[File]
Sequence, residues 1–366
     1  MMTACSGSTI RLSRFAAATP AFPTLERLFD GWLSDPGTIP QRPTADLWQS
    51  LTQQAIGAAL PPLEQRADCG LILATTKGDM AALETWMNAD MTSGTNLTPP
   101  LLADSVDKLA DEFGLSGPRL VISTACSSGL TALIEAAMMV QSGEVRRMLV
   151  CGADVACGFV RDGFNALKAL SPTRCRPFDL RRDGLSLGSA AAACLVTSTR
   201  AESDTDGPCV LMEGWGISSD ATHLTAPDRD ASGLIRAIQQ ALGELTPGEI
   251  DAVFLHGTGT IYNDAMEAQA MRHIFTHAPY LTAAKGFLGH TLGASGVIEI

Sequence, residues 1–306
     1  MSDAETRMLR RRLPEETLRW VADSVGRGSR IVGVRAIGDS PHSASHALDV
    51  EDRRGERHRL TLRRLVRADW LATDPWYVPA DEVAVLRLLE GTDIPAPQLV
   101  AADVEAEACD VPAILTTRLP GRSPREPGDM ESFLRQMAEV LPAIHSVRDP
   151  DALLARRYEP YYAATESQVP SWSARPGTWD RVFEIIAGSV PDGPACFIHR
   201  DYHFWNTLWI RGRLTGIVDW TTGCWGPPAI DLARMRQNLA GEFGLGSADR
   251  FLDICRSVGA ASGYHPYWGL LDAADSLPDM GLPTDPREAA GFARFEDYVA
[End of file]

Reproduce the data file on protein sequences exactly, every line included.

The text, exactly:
Sequence, residues 1–366
     1  MMTACSGSTI RLSRFAAATP AFPTLERLFD GWLSDPGTIP QRPTADLWQS
    51  LTQQAIGAAL PPLEQRADCG LILATTKGDM AALETWMNAD MTSGTNLTPP
   101  LLADSVDKLA DEFGLSGPRL VISTACSSGL TALIEAAMMV QSGEVRRMLV
   151  CGADVACGFV RDGFNALKAL SPTRCRPFDL RRDGLSLGSA AAACLVTSTR
   201  AESDTDGPCV LMEGWGISSD ATHLTAPDRD ASGLIRAIQQ ALGELTPGEI
   251  DAVFLHGTGT IYNDAMEAQA MRHIFTHAPY LTAAKGFLGH TLGASGVIEI

Sequence, residues 1–306
     1  MSDAETRMLR RRLPEETLRW VADSVGRGSR IVGVRAIGDS PHSASHALDV
    51  EDRRGERHRL TLRRLVRADW LATDPWYVPA DEVAVLRLLE GTDIPAPQLV
   101  AADVEAEACD VPAILTTRLP GRSPREPGDM ESFLRQMAEV LPAIHSVRDP
   151  DALLARRYEP YYAATESQVP SWSARPGTWD RVFEIIAGSV PDGPACFIHR
   201  DYHFWNTLWI RGRLTGIVDW TTGCWGPPAI DLARMRQNLA GEFGLGSADR
   251  FLDICRSVGA ASGYHPYWGL LDAADSLPDM GLPTDPREAA GFARFEDYVA